Special Immigrant Juvenile Status: Making Children Priority One


In any context, abuse and abandonment is a heartbreaking experience for the children and families it affects. While therapy and psychological treatment may help begin to heal the wounds abuse leaves behind, undocumented children face an additional challenge when their abuse is discovered by child welfare officials or other government offices. Without legal status in the United States, or an official nationality or country of citizenship, these children face double abandonment, first from their family of origin and then from the only country many of them have ever known.

Safe Shelter

In an attempt to help abused, neglected, and abandoned immigrant children, the U.S. Citizenship and Immigration Services (USCIS) created a special classification to aid such youngsters.  Eligibility for Special Immigrant Juvenile (SIJ) status requires an official order from a state court with the authority to make decisions regarding children’s care and custody, frequently called "family court," "juvenile court," "orphan’s court," or other similar  names. Most of our cases, here at Bretz & Coven, are filed in the Family Courts in New York City: The Bronx, Brooklyn and Queens. Once the process is complete, qualified children will receive a green card evidencing their permanent resident status in the U.S., which represents the first step on the road to citizenship.

Court Actions

The NY Family Court or other Family Court order required for SIJ status must contain specific findings indicating the following:

  • The child is a dependent of the court or a ward of a state/private agency or person
  • The child’s best interest is not to return to his or her country of origin
  • The child cannot be returned to a parent’s custody because of abandonment, abuse, neglect or similar reasons

In addition to the court order, eligible children must be under 21 years of age and physically present in the U.S. when the proper form (Form I-360) is filed. To be eligible, applicants must also not be currently married, divorced (including annulment), or widowed. SIJ applicants must keep in mind that if they receive their green card through this program, they may never petition for a green card for their parents and may only file petitions for brothers and sisters once they are already citizens. The requirements for Special Immigrant Juvenile Status are codified at 8 U.S.C. 1101 § (a)(27).

Children who have suffered from abuse, neglect, abandonment, or similar treatment at the hands of only one parent are still eligible for SIJ status, even if they are living with their other parent.  In a recent Bretz & Coven case, a young native of Ecuador who was living with her mother in the United States was found to be eligible for SIJ status due to the fact that her father abandoned her at a young age and was never a part of her life.  She is now eligible to receive a green card and in five years can naturalize by submitting a citizenship application.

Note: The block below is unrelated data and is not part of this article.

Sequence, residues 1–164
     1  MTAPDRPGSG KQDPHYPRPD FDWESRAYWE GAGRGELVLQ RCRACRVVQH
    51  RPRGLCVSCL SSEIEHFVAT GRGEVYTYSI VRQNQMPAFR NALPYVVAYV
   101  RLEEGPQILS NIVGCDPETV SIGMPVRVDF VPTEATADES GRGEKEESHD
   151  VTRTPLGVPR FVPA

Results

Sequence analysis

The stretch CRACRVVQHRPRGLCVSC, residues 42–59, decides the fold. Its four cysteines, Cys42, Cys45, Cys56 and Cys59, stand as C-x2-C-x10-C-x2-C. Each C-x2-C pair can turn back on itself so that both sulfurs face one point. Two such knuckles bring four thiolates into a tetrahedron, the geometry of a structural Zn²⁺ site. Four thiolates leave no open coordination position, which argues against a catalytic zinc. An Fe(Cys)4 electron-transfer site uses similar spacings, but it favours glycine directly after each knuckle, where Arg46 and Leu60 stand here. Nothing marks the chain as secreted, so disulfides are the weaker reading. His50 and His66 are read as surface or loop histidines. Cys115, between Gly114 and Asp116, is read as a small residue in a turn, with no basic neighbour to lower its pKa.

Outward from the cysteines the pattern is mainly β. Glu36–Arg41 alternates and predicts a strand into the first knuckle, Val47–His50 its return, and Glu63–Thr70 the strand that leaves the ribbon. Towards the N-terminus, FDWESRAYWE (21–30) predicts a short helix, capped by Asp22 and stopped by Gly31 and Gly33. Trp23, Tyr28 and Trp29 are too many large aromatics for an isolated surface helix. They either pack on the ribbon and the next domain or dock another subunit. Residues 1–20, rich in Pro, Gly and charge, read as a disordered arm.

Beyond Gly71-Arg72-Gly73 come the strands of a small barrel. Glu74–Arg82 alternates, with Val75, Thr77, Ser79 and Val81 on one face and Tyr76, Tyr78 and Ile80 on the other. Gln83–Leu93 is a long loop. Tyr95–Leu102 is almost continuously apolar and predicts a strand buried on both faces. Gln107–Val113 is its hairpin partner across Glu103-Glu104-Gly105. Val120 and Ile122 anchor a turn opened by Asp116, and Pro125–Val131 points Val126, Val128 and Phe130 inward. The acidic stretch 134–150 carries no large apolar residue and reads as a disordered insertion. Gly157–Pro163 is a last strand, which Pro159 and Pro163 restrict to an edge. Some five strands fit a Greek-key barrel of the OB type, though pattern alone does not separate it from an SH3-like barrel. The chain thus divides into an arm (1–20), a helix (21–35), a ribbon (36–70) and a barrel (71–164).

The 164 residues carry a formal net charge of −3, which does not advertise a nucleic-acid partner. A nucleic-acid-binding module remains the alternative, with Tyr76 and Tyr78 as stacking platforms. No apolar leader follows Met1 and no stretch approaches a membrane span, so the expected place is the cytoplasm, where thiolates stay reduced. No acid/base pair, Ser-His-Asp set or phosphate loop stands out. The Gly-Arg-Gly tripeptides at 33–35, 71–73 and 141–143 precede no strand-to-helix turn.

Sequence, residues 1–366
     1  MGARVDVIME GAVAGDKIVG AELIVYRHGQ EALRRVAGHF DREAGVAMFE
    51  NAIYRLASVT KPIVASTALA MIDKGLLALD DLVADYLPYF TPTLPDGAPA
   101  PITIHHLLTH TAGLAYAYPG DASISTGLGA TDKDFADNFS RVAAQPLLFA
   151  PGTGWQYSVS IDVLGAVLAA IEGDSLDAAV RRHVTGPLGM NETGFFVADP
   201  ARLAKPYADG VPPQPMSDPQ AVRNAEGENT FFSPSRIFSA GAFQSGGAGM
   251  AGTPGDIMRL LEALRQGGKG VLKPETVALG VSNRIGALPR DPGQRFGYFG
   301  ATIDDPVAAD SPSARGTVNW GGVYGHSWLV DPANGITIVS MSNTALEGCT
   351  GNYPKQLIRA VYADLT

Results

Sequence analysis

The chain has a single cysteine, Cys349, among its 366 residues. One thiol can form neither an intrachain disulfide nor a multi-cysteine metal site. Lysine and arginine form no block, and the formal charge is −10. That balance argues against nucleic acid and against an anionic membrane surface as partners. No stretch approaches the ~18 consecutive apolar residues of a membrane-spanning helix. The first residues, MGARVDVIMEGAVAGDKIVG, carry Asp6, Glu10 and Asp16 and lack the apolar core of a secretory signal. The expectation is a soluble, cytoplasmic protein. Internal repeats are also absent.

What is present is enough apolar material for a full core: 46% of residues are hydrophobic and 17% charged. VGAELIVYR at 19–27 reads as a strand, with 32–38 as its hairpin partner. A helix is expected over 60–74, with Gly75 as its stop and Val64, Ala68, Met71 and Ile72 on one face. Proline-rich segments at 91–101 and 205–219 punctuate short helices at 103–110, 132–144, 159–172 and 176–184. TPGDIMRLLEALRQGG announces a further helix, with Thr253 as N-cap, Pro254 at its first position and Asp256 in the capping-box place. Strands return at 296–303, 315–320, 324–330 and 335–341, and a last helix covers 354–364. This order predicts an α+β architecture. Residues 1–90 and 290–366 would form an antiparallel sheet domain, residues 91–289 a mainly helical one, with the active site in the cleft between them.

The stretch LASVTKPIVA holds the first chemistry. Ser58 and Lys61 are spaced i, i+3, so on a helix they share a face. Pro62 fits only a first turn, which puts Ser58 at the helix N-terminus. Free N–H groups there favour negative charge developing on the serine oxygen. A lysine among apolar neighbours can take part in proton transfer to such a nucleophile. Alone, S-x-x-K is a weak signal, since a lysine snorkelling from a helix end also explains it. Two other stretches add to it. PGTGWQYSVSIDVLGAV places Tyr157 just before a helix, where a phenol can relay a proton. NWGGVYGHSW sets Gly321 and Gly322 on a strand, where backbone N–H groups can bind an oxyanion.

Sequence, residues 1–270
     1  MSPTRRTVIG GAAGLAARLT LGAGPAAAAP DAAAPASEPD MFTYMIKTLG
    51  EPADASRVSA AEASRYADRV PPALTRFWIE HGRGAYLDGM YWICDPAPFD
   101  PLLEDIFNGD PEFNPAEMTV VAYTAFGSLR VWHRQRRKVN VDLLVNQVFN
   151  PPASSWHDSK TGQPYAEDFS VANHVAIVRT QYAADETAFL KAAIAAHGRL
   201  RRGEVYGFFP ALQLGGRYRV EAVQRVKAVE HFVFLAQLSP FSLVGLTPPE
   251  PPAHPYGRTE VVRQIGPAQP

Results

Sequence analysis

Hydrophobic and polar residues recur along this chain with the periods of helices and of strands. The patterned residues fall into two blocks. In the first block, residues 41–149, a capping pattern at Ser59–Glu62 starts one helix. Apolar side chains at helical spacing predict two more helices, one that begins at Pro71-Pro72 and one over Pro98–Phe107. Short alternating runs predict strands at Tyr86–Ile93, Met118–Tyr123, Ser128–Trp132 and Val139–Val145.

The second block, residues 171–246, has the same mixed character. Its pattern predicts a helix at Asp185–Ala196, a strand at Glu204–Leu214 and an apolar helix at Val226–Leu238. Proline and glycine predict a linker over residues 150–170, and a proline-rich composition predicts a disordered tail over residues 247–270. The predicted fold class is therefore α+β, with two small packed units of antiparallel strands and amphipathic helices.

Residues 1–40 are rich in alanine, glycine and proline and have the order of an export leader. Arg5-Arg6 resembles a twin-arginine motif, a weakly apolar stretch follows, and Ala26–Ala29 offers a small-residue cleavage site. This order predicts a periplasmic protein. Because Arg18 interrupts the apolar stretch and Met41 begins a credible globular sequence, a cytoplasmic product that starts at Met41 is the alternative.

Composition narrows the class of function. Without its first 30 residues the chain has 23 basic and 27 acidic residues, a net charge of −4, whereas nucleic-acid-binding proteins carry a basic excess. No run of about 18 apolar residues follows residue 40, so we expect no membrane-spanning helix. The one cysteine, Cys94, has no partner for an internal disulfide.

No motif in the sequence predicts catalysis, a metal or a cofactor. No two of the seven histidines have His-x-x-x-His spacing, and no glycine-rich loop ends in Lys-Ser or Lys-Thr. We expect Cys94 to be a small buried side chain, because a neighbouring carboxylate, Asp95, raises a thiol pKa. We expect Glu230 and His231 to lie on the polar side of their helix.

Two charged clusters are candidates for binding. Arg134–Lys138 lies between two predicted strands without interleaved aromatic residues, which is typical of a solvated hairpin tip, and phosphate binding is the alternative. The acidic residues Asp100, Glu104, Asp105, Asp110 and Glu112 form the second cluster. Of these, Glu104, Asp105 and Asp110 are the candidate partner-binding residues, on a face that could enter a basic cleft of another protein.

Many Special Immigrant Juvenile applicants who have been abused by one or more parents are either living with their non-abusive parent, or a guardian.  It is important to note that this parent or guardian need not have any legal status in the United States in order to serve as a formal guardian in family court.  This does not affect the outcome of the child’s Special Immigrant Juvenile case in any way.  However, as stated earlier, a child who receives SIJ status cannot petition for a green card for their parents, even the non-abusive parent with whom they may live.

Special Immigrant Juvenile Status may be available in a wide variety of scenarios. 

Helping Hands

While USCIS programs such as SIJ status can ostensibly help abused, neglected, and abandoned children, immigrant youth still need the assistance of capable legal advocates. To aid in this effort, organizations such as the Immigrant Children's Legal Program, a U.S. Committee for Refugees and Immigrants program, help children identify their options and start their new life.

As with all immigration issues, those assisting SIJ program applicants should seek the advice and guidance of an immigration attorney with regard to any USCIS application.

Topics:  Child Abuse, Immigrants, Juveniles, Minors, USCIS, Visas

Published In: Family Law Updates, Immigration Updates

DISCLAIMER: Because of the generality of this update, the information provided herein may not be applicable in all situations and should not be acted upon without specific legal advice based on particular situations.

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